Citizenship and Naturalization
Citizenship

Citizenship refers to something that happens as an automatic process of law, a right, with no forms required.

Generally, a person born inside the United States (and some of its possessions), is a U.S. citizen by law. There are a few exceptions to this, such as children of diplomats who would prefer to claim their parents’ citizenship.

Derivation (or acquisition) of U.S. citizenship occurs when a person born outside the United States to a U.S. citizen parent or parents can establish a claim of U.S. citizenship depending on the year they were born, their legal status at the time the claim is made, their parent’s previous residency in the United States, and other requirements.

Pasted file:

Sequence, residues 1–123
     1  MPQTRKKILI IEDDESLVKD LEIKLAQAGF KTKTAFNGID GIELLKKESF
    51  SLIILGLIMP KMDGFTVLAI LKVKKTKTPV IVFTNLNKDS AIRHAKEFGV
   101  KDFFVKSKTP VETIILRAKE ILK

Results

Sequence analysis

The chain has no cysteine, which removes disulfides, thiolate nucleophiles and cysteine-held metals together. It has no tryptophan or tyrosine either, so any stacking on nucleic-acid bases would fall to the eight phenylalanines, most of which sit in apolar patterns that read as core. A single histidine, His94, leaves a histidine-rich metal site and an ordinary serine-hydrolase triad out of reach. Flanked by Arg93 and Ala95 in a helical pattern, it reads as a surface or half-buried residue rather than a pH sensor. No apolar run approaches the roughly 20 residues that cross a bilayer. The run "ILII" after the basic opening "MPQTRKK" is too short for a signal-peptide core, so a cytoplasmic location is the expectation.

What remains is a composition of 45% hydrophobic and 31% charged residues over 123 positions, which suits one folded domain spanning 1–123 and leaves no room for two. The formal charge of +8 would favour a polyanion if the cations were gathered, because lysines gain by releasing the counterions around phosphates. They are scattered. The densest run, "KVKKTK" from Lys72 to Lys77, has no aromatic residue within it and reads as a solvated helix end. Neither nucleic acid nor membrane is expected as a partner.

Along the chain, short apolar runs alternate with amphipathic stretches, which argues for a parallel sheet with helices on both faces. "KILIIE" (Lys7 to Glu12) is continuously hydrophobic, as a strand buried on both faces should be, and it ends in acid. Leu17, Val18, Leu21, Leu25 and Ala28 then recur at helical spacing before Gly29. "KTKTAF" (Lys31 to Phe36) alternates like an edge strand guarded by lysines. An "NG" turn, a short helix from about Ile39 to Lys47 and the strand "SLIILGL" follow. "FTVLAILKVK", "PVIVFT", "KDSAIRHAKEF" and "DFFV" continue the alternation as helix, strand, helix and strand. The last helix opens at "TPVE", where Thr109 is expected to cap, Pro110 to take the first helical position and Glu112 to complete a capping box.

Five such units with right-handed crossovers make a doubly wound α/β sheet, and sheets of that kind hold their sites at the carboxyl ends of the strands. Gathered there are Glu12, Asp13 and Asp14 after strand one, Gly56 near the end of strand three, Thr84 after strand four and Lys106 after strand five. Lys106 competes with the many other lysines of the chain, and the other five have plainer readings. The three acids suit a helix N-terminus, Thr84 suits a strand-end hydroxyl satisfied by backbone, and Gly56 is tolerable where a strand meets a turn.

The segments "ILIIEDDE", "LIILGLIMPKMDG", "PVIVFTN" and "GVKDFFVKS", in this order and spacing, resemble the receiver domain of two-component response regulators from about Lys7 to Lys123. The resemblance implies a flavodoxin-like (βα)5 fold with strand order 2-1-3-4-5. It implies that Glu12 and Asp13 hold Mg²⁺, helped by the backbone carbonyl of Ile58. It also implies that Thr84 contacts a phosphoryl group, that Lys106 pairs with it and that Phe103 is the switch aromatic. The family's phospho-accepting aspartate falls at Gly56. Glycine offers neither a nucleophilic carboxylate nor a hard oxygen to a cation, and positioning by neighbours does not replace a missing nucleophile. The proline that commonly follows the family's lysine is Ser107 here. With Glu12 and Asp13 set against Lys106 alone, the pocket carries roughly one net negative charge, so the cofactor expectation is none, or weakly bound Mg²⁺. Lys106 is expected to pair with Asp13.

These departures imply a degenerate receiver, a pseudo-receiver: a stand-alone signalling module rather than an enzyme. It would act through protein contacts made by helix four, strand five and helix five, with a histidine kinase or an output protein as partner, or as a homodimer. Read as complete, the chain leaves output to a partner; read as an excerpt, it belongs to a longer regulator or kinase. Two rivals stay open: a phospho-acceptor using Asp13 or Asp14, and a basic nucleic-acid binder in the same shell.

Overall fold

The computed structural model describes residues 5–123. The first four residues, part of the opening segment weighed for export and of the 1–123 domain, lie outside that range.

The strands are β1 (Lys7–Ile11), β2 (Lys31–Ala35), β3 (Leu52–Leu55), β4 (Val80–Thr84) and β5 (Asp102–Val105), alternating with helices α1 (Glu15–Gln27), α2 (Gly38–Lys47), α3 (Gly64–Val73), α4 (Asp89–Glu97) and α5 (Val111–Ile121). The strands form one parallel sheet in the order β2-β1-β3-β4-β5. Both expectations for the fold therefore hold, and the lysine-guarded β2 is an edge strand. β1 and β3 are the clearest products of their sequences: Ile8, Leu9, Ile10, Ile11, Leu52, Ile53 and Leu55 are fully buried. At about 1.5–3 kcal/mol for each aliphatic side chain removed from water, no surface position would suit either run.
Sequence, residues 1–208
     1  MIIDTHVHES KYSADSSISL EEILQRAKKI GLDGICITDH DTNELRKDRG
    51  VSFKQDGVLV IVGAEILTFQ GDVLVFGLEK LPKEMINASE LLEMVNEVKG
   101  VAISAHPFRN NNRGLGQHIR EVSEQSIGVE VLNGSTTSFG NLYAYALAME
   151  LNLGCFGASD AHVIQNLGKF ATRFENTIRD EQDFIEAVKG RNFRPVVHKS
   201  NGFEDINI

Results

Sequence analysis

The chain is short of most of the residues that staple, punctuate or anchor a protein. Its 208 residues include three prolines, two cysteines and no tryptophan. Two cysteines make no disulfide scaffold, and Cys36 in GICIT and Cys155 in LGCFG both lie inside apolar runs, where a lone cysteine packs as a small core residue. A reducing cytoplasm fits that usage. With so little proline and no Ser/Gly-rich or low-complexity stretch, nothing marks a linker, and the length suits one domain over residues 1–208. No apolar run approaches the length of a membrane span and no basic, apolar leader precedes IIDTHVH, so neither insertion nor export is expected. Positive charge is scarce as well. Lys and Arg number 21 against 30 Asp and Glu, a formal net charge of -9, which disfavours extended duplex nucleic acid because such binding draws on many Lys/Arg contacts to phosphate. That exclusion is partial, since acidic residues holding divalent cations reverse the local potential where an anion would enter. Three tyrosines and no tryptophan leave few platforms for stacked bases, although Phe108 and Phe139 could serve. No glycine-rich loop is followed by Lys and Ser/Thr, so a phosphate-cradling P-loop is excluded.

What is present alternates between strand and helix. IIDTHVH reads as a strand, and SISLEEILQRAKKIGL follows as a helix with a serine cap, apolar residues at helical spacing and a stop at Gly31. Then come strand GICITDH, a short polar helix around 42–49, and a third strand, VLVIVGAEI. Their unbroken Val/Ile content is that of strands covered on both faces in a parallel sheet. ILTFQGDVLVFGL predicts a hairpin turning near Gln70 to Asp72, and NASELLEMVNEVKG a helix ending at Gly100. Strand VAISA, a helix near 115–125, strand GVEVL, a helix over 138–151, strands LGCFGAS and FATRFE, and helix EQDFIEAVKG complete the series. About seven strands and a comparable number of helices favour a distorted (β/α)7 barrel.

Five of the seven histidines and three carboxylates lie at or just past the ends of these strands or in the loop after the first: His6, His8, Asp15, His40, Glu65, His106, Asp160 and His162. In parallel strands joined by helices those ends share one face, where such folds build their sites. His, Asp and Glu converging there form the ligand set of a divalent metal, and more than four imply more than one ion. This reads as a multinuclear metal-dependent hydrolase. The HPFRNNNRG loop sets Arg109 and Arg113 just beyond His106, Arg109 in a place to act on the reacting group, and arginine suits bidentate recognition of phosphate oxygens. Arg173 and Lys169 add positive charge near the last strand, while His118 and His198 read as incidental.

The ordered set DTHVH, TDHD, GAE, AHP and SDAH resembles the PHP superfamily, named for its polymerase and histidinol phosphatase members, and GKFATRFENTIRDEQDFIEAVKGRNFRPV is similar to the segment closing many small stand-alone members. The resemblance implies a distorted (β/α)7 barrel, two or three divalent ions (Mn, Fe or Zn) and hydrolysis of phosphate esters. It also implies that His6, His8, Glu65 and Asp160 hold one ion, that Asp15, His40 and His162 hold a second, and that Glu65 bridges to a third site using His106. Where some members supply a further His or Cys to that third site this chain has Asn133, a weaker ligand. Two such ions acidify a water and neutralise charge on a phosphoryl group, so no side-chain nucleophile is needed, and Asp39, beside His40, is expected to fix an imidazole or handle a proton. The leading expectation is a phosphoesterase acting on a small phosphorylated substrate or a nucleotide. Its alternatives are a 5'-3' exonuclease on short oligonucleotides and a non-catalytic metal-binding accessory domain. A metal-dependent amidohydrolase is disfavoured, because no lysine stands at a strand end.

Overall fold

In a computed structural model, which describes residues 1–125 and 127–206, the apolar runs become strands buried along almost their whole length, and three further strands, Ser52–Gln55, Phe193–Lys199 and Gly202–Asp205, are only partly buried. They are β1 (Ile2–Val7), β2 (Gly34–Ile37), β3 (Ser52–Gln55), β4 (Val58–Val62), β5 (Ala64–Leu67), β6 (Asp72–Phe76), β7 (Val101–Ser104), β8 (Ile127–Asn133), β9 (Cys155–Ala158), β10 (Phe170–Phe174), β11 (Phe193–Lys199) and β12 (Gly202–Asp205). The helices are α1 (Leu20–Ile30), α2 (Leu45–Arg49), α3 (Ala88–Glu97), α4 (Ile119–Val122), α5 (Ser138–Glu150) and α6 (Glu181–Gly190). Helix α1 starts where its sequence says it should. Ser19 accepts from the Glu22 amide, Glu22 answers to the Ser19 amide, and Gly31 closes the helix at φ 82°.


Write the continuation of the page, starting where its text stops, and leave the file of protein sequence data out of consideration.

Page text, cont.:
Sometimes a person will be a U.S. citizen and not even know it. Being able to derive citizenship depends on a number of factors, such as which parent was a U.S. citizen, where the parent lived, and whether or not the child was born in or out of wedlock.

If you do not qualify for the automatic right to be a U.S. citizen, there is an alternative method to acquire citizenship called Naturalization.

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